Although my wife and I spent a weekend in Lambertville, NJ, for her birthday during Spring, it didn’t feel like we were going away, as Lambertville can be considered part of the Philadelphia region. We had a trip to New England planned over the summer, but a temporary health concern caused it to be cancelled. Before this just-completed weekend, the last time I had traveled outside of the Philly region was the Buffalo trip to see the Eagles play the Bills in October of 2019.
That drought finally came to an end this weekend when we visited our friends in Pittsburgh. Okay; we didn’t leave the state. But It’s a five-hour drive to Pittsburgh with different scenery to look at and the potential for food stops along the way. And Pittsburgh has some beautiful neighborhoods. For years, we’ve gone there annually to visit these same close friends. Sometimes, as with this weekend, we only went to Pittsburgh. On other occasions, we would stop for a night or two on our way home from one of our Midwest vacations. The last time we were there, it was a stop on the way back from visiting other friends in Indiana. I’ll be posting on that trip in detail at some point.
Traveling across state on the Pennsylvania Turnpike won’t ever be mistaken for one of the most scenic drives in America. But I appreciate seeing so much farmland as an alternative to the suburban and urban surroundings I’m used to. And while we aren’t exactly Iowa, Pennsylvania also has a good number of cornfields, some of which are visible from the Turnpike.
I watch a lot less regular TV than I used to and have come to appreciate watching regular people on YouTube a lot more during the pandemic. One of the topics I’ve gotten into on there during the past year is camping videos. Some involve camping in extreme weather or people who specialize in cooking fairly spectacular meals over an open flame while camping. But a quirky sub-genre is stealth-camping, which features people camping in places that aren’t designed for it, or sometimes, where it’s simply not permitted. A Canadian named Steve Wallis is a sort of Patron Saint of stealth camping. He has over 650,000 YouTube subscribers, while some of his videos have been viewed by over a million people.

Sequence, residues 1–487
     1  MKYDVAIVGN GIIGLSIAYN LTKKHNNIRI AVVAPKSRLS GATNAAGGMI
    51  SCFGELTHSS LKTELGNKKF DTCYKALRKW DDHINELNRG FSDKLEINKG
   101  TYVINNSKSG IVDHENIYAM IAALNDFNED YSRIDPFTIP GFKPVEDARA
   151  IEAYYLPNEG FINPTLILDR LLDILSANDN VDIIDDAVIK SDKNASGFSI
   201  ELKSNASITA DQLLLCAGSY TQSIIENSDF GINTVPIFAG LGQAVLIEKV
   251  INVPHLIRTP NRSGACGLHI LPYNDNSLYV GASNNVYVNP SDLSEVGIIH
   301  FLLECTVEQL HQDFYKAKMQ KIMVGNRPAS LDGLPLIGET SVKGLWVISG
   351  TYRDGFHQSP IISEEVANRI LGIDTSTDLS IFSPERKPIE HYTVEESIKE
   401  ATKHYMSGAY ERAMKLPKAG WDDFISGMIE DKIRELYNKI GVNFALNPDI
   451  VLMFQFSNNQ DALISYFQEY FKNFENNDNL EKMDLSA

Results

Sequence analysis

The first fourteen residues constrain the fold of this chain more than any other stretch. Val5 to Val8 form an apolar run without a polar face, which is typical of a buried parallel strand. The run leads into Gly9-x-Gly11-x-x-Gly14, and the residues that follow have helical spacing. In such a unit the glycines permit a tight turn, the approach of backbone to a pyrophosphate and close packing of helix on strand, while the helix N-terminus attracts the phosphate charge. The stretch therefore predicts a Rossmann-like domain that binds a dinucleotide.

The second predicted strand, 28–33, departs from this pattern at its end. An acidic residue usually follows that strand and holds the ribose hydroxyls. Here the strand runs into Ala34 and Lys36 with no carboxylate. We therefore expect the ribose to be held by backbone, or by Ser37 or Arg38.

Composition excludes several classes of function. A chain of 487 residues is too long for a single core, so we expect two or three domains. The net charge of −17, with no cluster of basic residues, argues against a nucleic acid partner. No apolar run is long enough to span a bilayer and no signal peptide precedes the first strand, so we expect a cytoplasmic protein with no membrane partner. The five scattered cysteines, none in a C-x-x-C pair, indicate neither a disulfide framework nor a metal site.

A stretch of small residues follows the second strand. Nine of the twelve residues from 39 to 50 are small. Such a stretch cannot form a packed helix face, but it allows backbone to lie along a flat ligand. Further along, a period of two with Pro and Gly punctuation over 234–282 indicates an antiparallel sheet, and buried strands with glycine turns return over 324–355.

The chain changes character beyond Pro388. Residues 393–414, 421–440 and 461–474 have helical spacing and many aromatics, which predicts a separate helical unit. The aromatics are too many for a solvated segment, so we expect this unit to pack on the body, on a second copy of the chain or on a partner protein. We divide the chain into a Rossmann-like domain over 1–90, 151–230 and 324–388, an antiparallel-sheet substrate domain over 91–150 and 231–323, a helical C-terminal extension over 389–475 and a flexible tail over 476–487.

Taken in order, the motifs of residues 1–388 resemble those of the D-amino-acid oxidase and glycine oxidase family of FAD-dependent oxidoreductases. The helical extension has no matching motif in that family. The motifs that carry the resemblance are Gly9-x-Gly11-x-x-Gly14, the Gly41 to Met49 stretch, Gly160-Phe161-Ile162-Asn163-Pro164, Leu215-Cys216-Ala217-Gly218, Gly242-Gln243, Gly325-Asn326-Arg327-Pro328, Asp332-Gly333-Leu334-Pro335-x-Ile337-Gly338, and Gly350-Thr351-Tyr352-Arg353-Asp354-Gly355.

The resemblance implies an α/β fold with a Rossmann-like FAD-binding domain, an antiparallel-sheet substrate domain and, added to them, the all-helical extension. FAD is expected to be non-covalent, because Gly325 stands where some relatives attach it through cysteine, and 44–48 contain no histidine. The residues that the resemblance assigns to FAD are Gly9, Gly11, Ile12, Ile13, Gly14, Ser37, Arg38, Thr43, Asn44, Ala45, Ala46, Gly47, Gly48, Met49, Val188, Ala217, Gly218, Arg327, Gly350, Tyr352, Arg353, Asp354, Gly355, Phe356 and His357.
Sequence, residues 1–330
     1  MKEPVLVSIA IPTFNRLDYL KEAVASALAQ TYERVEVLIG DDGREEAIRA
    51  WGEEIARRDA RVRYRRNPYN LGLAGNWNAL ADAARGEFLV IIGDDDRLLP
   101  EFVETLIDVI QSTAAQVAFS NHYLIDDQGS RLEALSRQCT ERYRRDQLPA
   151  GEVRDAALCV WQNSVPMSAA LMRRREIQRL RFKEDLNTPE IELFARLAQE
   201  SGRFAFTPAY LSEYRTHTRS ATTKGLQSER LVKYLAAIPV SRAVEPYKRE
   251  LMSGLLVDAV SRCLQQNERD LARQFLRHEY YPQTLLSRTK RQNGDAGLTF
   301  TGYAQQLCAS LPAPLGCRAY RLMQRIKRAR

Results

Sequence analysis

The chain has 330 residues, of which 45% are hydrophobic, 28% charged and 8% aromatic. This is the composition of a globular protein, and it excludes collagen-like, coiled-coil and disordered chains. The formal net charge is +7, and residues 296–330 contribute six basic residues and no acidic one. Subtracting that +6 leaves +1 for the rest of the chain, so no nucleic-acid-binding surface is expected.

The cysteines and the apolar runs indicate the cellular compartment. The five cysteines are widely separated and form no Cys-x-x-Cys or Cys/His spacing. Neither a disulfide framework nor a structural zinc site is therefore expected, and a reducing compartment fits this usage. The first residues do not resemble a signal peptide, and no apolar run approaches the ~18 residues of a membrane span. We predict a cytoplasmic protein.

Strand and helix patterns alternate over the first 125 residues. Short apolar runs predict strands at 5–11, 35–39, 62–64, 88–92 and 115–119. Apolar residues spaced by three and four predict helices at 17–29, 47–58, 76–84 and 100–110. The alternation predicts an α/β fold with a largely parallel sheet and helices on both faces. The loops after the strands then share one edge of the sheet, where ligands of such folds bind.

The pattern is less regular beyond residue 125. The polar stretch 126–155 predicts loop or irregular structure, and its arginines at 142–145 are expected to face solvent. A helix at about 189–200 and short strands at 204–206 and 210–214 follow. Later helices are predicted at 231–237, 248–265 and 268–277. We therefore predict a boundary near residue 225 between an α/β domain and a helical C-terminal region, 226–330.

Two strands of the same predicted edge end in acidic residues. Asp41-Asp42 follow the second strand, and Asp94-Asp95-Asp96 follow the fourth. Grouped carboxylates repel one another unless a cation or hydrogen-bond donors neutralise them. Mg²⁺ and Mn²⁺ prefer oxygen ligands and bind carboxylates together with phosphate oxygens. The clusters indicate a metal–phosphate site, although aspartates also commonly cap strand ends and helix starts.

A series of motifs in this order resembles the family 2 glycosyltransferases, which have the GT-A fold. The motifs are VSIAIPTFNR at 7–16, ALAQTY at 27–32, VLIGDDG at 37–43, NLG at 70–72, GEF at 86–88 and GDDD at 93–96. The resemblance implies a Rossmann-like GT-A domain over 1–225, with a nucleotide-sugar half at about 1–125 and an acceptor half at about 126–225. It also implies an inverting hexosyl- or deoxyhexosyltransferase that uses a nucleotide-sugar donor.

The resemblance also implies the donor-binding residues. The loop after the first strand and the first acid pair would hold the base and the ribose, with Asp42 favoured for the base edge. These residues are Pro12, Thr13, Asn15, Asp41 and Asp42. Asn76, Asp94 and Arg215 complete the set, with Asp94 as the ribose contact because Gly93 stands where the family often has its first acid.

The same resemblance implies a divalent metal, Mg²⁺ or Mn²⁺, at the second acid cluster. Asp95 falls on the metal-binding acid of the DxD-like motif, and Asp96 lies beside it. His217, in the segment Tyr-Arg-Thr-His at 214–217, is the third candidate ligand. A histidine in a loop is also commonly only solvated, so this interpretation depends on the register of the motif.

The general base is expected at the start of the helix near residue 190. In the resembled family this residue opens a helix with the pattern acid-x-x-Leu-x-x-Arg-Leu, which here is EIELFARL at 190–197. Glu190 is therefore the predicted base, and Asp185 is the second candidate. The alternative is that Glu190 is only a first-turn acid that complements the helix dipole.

I bring this up because one of the things Steve Wallis has done more than once, as have others who followed his lead, is stealth camping in woods along the side of a highway or even in the median between lanes going opposite directions if there is sufficient space and tree cover. I have to confess that this has a certain appeal to me. I’ve actually looked at woods along the side of various highways over the years with at least vaguely similar thoughts. I couldn’t resist doing so again both going to and returning from Pittsburgh this weekend.
As anyone who has followed this blog during its brief existence knows, we always stop at the Summit Diner in Somerset, PA, for a bite to eat at least once when visiting Pittsburgh or the Midwest. The two years since my last stop there is the longest I’ve gone without a meal from the Summit in a very long time.
We got a later start hitting the road than expected at the outset of this road-trip and ran into some traffic heading west, which resulted in getting to Somerset not that long before the diner’s 3 p.m. closing time. I have a personal rule against entering a restaurant to dine-in shortly before closing. It feels rude. But we called in a takeout order from the road and enjoyed it in the diner’s rear parking lot. In later visits, I’ve added the Summit’s breakfast sandwich on an English muffin with egg, cheese and one of their house-made sausage patties to the standard breakfast egg plate and their double cheeseburger as my go-to meals when we go there. My only complaint with this one is that the muffin needed to be more toasted.
For the first time since one of my early visits to the Summit Diner, I passed up ordering a slice of pie. I was only in the mood for peach pie and they didn’t have it. But I did crave a vanilla milkshake and that’s what I had alongside my breakfast sandwich. As you can see in the photo, it was not lacking in the thickness department.
After arriving in Pittsburgh and checking into our hotel, we met up with our friends for dinner in the lovely Squirrel Hill neighborhood. Our destination was Taiwanese Bistro Cafe 33, which has a nice, covered section out in front of the restaurant where we sat.
I admit to being more finicky about which vegetables I eat than I should be. Let’s just say I’m a lot less picky about meat. While I didn’t eat either the Eggplant with Garlic or the Stinky Tofu (that’s not a misprint) that my dining companions ordered, I will tell you they loved the eggplant and were mixed on the tofu.